A rare example with pattern welded blade, retaining its original scabbard.
Base 7 mm
Middle 5.5 mm
Near tip 2 mm
Base 43 mm
Middle 30 mm
Near tip 20 mm
20.5 cm from crossguard
Wootz (steel), iron, silver, resin
17th to early 18th century
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A large Indian talwar, built around a fine blade that consists of two pieces that were lap-welded together.
The novice may frown upon the practice, but seasoned collectors will know that this is actually quite common and the welds were seen as auspicious:
"The bands created by the lap-welds are known in Rajasthan as "mala", plural "male", meaning "garlands" or "necklaces" and are considered auspicious." 1
-Robert Elgood, 2017
The blade is long, slender but heavy and has a long, fully sharpened backedge. Size and handling characteristics suggest it was a cavalry sword.
The steel is a very fine-grained wootz. It is curious to see that it was lap welded and that the wootz pattern is intact at the weld, as it is generally thought that wootz will lose its pattern if it is heated to high temperatures. Yet, to accomplish a lap-weld like this it should be heated to around the melting point, usually around 1370 degrees Celcius for steel.
A secondary bevel forms the edge, which is burnished as is the northern fashion.
The steel hilt is in hakim shahi style, a form that was among others produced widely in Delhi.2
It is decorated with silver lines in true inlay, forming swirling vines that are slightly different on each side. On the side of each of the quillons, we see spiderwebs, a rather unusual feature. True inlay is a much more durable method than the commonly used overlay, and as a result, almost all the silver is retained.
The work is nice, strong and bold, a hallmark of earlier examples dating from the 17th and early 18th centuries.
The steel shows signs that it was once probably blued:
Signs of blueing on the sides of the langets.
According to Hendley, the combination of blueing and plant motifs in true inlay was an earlier feature:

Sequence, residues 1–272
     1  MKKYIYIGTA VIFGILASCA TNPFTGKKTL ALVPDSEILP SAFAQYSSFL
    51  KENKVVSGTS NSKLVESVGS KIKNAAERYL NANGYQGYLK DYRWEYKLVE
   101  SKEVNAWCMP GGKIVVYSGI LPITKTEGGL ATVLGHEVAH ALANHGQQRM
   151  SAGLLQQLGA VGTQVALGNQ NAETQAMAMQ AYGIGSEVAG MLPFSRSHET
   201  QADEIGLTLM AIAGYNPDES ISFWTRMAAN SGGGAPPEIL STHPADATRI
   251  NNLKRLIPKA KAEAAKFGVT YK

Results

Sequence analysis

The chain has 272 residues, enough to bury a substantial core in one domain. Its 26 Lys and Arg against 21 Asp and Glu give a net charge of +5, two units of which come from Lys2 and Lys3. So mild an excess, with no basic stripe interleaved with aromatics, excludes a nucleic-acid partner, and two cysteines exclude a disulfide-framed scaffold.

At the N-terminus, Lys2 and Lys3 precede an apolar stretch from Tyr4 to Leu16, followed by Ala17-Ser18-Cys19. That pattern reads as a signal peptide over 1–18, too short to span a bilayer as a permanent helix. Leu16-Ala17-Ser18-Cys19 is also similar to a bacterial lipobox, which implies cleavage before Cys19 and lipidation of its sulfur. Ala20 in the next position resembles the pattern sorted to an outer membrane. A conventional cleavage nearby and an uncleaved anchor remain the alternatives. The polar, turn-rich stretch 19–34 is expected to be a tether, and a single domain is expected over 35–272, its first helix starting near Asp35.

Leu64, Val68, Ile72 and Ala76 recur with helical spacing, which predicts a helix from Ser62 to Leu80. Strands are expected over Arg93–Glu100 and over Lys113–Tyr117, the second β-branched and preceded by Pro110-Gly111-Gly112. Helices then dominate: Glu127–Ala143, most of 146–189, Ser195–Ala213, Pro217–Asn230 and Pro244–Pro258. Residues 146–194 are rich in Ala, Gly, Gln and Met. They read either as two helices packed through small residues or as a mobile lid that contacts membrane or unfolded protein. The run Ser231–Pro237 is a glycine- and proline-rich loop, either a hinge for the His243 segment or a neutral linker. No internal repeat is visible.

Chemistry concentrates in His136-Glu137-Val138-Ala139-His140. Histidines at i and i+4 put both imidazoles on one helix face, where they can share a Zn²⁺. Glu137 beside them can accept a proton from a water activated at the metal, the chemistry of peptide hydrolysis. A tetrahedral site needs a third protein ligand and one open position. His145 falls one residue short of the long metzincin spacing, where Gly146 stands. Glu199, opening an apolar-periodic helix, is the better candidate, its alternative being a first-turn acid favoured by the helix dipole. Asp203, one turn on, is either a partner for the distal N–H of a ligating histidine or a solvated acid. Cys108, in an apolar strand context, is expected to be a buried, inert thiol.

"The visitor to the Indian Section of the South Kensington Museum will find good specimens of both forms of thework. He will see how very superior the old examples are to the modern ones. In the former the best results are attained with the simplest designs, which are displayed on an ample ground of blue steel. In the latter, even at the best, the work is spoiled by an excess of meaningless and elaborate scroll, floral, or arabesque ornament done in fine instead of bold lines." 2
-Thomas Holbein Hendley, 1883
"The older pieces (17th century) are decorated with large flowers or birds in silver damascene work." 3
-Herman Goetz, 1950
In addition, there is a sword with identical hilt shape and blade geometry in Apsley House, London. It was acquired by Arthur Wellesley who would later become Duke of Wellington, probably during the Maratha War of 1803-1805. The blade carries markings suggesting it was owned by Mughal emperor Aurangzeb (reigned 1658-1707).4 The hilt is also of identical form to ours and seems to have been made in Delhi.
Overall, I would say it is probably from the 17th to the earliest decades of the 18th century.
A very nice example of a large wootz talwar with some interesting features. It features a good wootz lap-welded blade in near excellent condition, and a hilt of strong proportions that is decorated with true inlay techniques in silver that were popular in the 17th and beginning of the 18th century. A rare, early, quality piece.
1. Robert Elgood; Rajput Arms & Armour, Niyogi Books, New Delhi, 2017. Volume 1. Page 190.
2. Thomas Holbein Hendley; Damascening on steel or iron as practiced in India. W. Griggs & Sons, Ltd. London 1892.
3. Hermann Goetz; The Art and Architecture of Bikaner State. Bruno Cassirer, Oxford. 1950. Page 124 - 125
4. The sword was published in Robert Elgood; Rajput Arms & Armour, Niyogi Books, New Delhi, 2017. Volume 2. Page 610. Elgood believes the hilt to this piece is a later, Deccan addition. I tend to disagree with that reasoning because it is based on a comparison with a dated hilt that is of a very different form. The matching part is Islamic calligraphy on the quillons, which in itself doesn't say much to me if the pieces are otherwise stylistically so far apart. This hilt, too, follows the Delhi pattern.
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An interesting South Indian style katar with an imported European blade.
With a hidden compartment for a small utility knife.
With markings attributing it to Jalore.
Covered almost entirely in very fine "sadeli" marquetry that is associated primarily with Gujarat.
Chiseled with a rare type of decor on the base, and with two Islamic inscriptions.